In order to reach the third Australian host port, the Clipper Race fleet will need to take on the Bass Strait, one of the toughest stretches of water on earth. Hobart though, is well worth the effort.
The southern-most Australian capital city sits on the River Derwent and is framed by the rugged wilderness of Mount Wellington. This striking and beautiful landscape is home to just over 200,000 people, though the population swells dramatically in the days leading up to New Year, largely due to the competitors, spectators, and supporters who pour into the city for the Rolex Sydney Hobart Yacht Race.
Each year in late December, the Tasmanian city buzzes with life and excitement as the RSHYR boats arrive at Constitution Dock. And to feed the hungry sailors, Hobart puts on the week-long Taste of Tasmania Festival, an event that showcases the state's fresh local produce, as well as the award-winning wine, cider, and whisky. Around 70 stalls, located both inside and outside the Princes Warf No. 1 shed, will serve up everything from oysters to slow-cooked wallaby burritos. Make sure you save some room for one of Hobart's famous scallop pies. Hobart is also known for its many waterfront pubs and bars. The Customs House is a crew favourite, especially as a venue for seeing in the New Year.
As well as catering for the gourmand, Hobart also has plenty to offer for cultural and art enthusiasts. Take the ferry to the Museum of Old and New Art (MONA) and see why critics rave about its confronting collections and architecture. Other venues worth visiting include the Tasmanian Museum and Art Gallery and the Salamanca Art Centre, which champion local artists.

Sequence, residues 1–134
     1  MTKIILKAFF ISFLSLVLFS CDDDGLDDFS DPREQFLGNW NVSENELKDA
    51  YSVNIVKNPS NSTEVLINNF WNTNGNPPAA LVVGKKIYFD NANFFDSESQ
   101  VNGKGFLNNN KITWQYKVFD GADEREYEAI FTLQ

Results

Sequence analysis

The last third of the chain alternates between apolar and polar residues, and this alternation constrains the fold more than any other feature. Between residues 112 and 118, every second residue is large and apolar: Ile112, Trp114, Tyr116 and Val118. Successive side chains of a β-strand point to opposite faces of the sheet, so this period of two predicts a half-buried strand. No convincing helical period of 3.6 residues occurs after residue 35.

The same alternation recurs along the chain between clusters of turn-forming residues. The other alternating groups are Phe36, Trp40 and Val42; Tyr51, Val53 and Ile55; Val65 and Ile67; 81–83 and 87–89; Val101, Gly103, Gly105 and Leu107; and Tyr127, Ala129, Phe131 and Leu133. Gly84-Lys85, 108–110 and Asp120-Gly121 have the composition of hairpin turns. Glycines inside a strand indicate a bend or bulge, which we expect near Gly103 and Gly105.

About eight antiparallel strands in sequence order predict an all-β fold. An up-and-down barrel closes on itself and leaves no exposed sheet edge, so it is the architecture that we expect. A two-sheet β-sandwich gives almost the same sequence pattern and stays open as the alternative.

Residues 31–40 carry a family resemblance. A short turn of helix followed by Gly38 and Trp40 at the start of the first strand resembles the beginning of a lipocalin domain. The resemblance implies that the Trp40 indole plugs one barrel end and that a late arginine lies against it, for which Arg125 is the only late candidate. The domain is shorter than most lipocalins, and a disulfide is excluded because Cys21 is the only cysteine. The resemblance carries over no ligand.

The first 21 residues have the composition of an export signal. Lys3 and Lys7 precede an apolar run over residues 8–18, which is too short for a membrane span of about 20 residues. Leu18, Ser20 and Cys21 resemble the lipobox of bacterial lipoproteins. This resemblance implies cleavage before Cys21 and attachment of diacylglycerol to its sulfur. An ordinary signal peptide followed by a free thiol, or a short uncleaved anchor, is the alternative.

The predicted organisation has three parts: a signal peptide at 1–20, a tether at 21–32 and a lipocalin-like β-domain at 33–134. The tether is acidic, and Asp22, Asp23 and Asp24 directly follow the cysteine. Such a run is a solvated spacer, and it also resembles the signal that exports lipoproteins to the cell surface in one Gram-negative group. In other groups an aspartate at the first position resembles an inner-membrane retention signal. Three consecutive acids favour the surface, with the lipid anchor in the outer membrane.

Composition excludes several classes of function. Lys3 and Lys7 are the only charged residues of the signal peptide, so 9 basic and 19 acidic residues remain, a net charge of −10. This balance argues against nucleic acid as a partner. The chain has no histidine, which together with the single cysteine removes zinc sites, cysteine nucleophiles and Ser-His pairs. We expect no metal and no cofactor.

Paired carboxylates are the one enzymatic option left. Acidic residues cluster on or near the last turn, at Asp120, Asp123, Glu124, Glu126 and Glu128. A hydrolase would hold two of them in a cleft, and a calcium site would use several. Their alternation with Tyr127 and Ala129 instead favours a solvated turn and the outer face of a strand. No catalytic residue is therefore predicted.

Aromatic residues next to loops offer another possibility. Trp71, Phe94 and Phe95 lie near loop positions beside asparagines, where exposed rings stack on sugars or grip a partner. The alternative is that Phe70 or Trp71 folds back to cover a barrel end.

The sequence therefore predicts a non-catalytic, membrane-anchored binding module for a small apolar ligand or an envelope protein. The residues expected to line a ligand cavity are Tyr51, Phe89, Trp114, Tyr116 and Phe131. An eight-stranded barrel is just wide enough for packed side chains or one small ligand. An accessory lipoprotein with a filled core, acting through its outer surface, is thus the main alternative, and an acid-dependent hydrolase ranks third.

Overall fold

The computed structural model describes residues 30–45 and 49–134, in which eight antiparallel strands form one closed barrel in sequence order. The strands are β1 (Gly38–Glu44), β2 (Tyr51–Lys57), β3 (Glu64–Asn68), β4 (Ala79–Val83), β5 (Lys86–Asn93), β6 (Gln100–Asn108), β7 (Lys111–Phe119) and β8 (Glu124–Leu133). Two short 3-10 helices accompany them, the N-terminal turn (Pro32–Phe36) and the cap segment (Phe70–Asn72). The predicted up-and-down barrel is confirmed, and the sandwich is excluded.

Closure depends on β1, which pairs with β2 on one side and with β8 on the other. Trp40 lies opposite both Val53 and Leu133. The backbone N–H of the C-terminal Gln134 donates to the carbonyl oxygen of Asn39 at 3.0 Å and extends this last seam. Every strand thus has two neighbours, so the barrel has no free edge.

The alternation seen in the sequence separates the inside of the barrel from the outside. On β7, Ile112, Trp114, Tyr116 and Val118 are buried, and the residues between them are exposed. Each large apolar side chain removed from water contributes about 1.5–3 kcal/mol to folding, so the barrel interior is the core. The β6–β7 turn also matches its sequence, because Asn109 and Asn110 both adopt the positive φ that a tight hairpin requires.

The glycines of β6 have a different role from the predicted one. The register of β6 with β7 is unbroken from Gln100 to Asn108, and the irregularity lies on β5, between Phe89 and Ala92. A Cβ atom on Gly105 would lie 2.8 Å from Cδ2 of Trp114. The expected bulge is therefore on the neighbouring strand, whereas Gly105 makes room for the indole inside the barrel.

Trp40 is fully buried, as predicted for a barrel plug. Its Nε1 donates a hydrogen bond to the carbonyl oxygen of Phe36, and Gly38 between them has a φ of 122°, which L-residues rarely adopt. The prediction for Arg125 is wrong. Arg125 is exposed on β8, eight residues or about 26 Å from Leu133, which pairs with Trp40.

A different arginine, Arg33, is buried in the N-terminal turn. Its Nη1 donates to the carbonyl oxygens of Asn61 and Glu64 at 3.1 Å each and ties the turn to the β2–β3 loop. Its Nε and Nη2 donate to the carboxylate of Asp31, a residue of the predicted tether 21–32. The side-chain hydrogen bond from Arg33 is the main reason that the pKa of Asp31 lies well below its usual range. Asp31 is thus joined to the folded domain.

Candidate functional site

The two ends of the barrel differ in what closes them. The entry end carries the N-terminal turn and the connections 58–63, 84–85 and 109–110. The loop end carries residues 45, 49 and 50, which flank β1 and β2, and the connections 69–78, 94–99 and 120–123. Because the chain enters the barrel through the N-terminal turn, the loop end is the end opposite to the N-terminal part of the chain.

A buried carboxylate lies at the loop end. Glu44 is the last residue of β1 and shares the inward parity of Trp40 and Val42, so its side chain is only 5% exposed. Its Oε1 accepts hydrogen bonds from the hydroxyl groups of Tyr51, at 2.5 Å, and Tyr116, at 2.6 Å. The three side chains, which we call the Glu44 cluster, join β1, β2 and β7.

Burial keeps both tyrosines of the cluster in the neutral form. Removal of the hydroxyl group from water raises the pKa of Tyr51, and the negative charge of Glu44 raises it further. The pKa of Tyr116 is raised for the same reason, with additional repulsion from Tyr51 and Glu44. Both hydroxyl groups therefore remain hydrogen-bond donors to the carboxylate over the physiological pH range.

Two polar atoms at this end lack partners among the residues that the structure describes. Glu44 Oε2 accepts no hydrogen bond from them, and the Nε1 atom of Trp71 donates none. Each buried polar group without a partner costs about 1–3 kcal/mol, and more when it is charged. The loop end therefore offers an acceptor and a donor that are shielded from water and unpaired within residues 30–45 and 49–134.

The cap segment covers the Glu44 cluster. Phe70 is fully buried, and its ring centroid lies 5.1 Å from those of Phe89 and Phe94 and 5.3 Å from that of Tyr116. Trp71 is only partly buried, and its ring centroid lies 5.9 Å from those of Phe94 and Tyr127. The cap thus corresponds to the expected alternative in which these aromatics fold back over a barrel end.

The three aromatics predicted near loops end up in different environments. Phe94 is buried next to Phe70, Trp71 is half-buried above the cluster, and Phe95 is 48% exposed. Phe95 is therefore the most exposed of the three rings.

Mount Wellington, a ten-minute drive from the CBD, is an adventurist's playground. Here you can choose to go for a bushwalk, mountain bike ride, or climb to the 1300 metre sub-alpine rocky summit, which will give you incredible views of Hobart and the Derwent Valley. You may also be lucky enough to see some of Tasmania's unique wildlife, including the red-necked wallaby and Tasmanian Devil. You can also look for signs of the Tasmanian Tiger or Thylacine, a striped dog-like animal that still is mysteriously sighted on regular basis, despite being officially declared extinct in the 1980s.
The pristine, scenic coastline that borders Hobart on both sides is best seen from the water. Take a kayak tour and explore the sea caves and spectacular rock formations, all the while keeping an eye out for the seals, dolphins and whales that call this part of the world home.
Hobart has a rich convict history. More than 70,000 men, women, and children were transported to what was then known as Van Diemens Land in the early 1800s, and many of the buildings built during that time are still standing today. Port Arthur, on the wild Tasman Peninsula, is one of the best remaining sites and has UNESCO World Heritage status, while a little closer to Hobart is Richmond, which as well as having convict roots, is the gateway to some of Tasmania's finest vineyards.